Lastly, Apple has a culture that is completely unique, which is another part of the reason for its success. Steve Jobs in his many keynotes has pointed out that Apple’s approach to products is that they are at the union of liberal arts and technology. And nobody in the industry so far has been able to match Apple’s eye for design.
What this means is that there is an added dimension of design and technology as art that influences the thinking of those who work at Apple. This group is like a passionate team of artists who happen to turn their art into technology.
This is the major reason that Apple emphasizes simplicity. Steve Jobs has in many keynotes and demos said that Apple’s various products “just work.” What we must not forget is that creating technology products that are simple is no trivial task. Simple solutions require sophisticated technologies. Apple knows this better than anyone and it has oriented itself to succeed at just that.
So it is not that Apple competitors make bad products. Their hardware competitors and OS competitors make good products. It is simply because of their vertically integrated model, paired with a works better together product philosophy, coupled with incredible execution, and a hardware as art design strategy, that Apple simply makes exceptional and extraordinary products.
Which is why one can argue that they truly do not have any real competitors.
14 thoughts on “Do Apple Competitors Make Bad Products?”
The better question to consider is not whether Apple’s competitors make bad products (the answer to which is a mixed bag — some certainly do, some do not). The better question is: Do Apple’s competitors make original products that define (or redefine) their categories? Or, put simpler: Do Apple’s competitors lead or follow?
In every significant hardware category in which Apple competes (other than what Steve Jobs called the AppleTV “hobby”), Apple leads and defines that category: laptops, ultralights, tablets, phones, music players, all-in-one desktops. The rest of the industry races to copy the standards Apple has set, which by definition makes those companies followers instead of leaders. Some of the resulting products are indeed bad (Dell Streak, anyone?), but even more of them, while technically good, are nevertheless lame because they carry the unmistakable aura of the copycat late to the table (the unlamented MS Zune being the most obvious example).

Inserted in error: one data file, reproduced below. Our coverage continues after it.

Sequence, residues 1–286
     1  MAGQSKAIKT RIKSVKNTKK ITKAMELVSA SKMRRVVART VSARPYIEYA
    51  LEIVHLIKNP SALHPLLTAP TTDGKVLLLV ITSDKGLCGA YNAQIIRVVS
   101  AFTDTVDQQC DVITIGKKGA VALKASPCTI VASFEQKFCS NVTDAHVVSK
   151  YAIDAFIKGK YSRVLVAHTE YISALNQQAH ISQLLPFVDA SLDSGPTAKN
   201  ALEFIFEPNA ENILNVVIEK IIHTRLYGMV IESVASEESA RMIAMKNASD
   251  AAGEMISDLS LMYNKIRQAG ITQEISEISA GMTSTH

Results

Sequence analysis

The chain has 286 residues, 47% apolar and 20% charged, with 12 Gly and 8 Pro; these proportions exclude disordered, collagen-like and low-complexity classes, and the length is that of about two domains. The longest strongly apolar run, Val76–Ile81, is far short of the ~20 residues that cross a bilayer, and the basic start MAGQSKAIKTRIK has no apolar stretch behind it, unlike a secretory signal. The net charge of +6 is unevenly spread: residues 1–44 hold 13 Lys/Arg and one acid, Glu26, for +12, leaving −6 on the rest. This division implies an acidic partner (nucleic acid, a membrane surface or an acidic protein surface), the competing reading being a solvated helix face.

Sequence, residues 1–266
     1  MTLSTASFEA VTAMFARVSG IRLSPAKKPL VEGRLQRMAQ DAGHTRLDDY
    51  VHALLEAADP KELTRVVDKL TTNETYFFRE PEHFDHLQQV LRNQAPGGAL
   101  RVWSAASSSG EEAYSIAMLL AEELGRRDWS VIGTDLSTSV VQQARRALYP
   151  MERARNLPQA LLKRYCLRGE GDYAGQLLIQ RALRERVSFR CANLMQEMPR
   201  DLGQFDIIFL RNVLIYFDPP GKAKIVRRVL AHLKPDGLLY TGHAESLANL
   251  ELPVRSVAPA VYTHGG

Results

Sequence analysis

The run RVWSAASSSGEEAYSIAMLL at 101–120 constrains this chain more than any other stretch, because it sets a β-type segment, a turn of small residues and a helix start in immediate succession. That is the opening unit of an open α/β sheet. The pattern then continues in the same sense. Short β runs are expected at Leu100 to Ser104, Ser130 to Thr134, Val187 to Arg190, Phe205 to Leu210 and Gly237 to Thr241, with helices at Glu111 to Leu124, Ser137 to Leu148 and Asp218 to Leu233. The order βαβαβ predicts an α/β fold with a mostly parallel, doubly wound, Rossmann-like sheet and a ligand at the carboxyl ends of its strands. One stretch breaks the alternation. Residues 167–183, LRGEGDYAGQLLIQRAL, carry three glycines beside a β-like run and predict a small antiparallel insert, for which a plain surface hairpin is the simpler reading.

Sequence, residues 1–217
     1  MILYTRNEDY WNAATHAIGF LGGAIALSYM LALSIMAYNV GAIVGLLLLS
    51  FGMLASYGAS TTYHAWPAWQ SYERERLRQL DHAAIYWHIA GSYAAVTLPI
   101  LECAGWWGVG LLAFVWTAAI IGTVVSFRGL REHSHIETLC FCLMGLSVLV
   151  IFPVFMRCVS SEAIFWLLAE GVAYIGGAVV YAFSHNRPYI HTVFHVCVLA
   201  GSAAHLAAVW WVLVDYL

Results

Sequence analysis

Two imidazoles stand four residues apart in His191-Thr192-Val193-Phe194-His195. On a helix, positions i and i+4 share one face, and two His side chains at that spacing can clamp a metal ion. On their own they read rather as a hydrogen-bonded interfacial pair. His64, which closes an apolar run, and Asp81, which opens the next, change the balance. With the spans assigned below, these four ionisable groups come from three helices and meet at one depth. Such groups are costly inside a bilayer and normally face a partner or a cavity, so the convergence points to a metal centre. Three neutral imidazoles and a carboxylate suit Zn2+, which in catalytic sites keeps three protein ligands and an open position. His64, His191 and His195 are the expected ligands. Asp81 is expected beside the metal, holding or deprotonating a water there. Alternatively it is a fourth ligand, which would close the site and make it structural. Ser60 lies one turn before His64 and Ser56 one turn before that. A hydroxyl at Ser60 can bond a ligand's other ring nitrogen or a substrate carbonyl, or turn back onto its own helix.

When another tech company steps up and redefines a category in which Apple competes, or brings a new category alive in which no one has yet made a mark – in the same way the iPad has defined the table – then Apple will have a true competitor.
I am a writer, photographer and documentary producer. I have been using Apple products since 1987. My choice of Apple over everything else is, as the years have gone by, Apple has focused on bringing me higher quality and higher functioning products that serve my needs while all other companies have focused on one thing: more value for their shareholders. The major examples: Micro$oft’s core business is its operating system. It is a dismal disappointment for anyone who has to wrestle with that beast. All other computer makers have to install the MS operating system on whatever fancy box they design thereby removing value for the end user.
Another example: Hewlett-Packard. In the late 90’s my company had over 300 laser and inkjet printers from HP. They were well-made and mostly reliable. Somewhere in the early 2000s HP decided they could charge just as much for printers that were less-rugged and less-reliable yielding more value for their shareholders. I saw this trend and removed HP from my work environment or I demanded and received extended warranties and overnight drop-ship replacements for the lemons that failed surprisingly fast.
I also contracted for toner and ink cartridges at half of the going retail price. HP did not care. They were still making a killing. Making a killing, yes, but slowly and steadily, losing my trust in them as an ally to my business. Again, HP did not care. I read a strategic marketing plan that said only 2-5% of all end-users will ever actively challenge a product that is inferior or unsatisfactory. The vast majority will either soldier on or simply buy another model.
In the tablet and ‘smart’ phone world companies are taking the same approach: push some less-than-fully-realized product out the door adorned with a glitzy marketing campaign in the desperate hope of beating Apple’s iPad. We, as consumers, are not as stupid as these companies believe. The smarter of us are sitting back and watching this chaos unfold. Nothing will draw us out to open our wallets for these inferior products.